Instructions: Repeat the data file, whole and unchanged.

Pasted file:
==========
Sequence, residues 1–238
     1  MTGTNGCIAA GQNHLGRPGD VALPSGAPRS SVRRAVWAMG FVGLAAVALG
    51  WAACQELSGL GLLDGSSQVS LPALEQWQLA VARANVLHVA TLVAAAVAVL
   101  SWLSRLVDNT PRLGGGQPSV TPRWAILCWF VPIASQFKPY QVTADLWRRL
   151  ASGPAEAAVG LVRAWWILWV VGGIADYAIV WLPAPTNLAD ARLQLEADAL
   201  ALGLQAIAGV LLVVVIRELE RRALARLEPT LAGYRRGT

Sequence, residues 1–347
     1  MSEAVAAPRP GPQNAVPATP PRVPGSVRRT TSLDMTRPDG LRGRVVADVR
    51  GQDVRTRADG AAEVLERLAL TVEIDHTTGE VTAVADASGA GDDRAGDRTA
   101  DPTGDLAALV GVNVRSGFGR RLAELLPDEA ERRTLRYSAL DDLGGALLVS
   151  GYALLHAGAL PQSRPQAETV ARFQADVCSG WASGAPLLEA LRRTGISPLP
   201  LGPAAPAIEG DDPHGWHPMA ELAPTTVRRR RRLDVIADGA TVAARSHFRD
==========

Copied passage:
Sequence, residues 1–238
     1  MTGTNGCIAA GQNHLGRPGD VALPSGAPRS SVRRAVWAMG FVGLAAVALG
    51  WAACQELSGL GLLDGSSQVS LPALEQWQLA VARANVLHVA TLVAAAVAVL
   101  SWLSRLVDNT PRLGGGQPSV TPRWAILCWF VPIASQFKPY QVTADLWRRL
   151  ASGPAEAAVG LVRAWWILWV VGGIADYAIV WLPAPTNLAD ARLQLEADAL
   201  ALGLQAIAGV LLVVVIRELE RRALARLEPT LAGYRRGT

Sequence, residues 1–347
     1  MSEAVAAPRP GPQNAVPATP PRVPGSVRRT TSLDMTRPDG LRGRVVADVR
    51  GQDVRTRADG AAEVLERLAL TVEIDHTTGE VTAVADASGA GDDRAGDRTA
   101  DPTGDLAALV GVNVRSGFGR RLAELLPDEA ERRTLRYSAL DDLGGALLVS
   151  GYALLHAGAL PQSRPQAETV ARFQADVCSG WASGAPLLEA LRRTGISPLP
   201  LGPAAPAIEG DDPHGWHPMA ELAPTTVRRR RRLDVIADGA TVAARSHFRD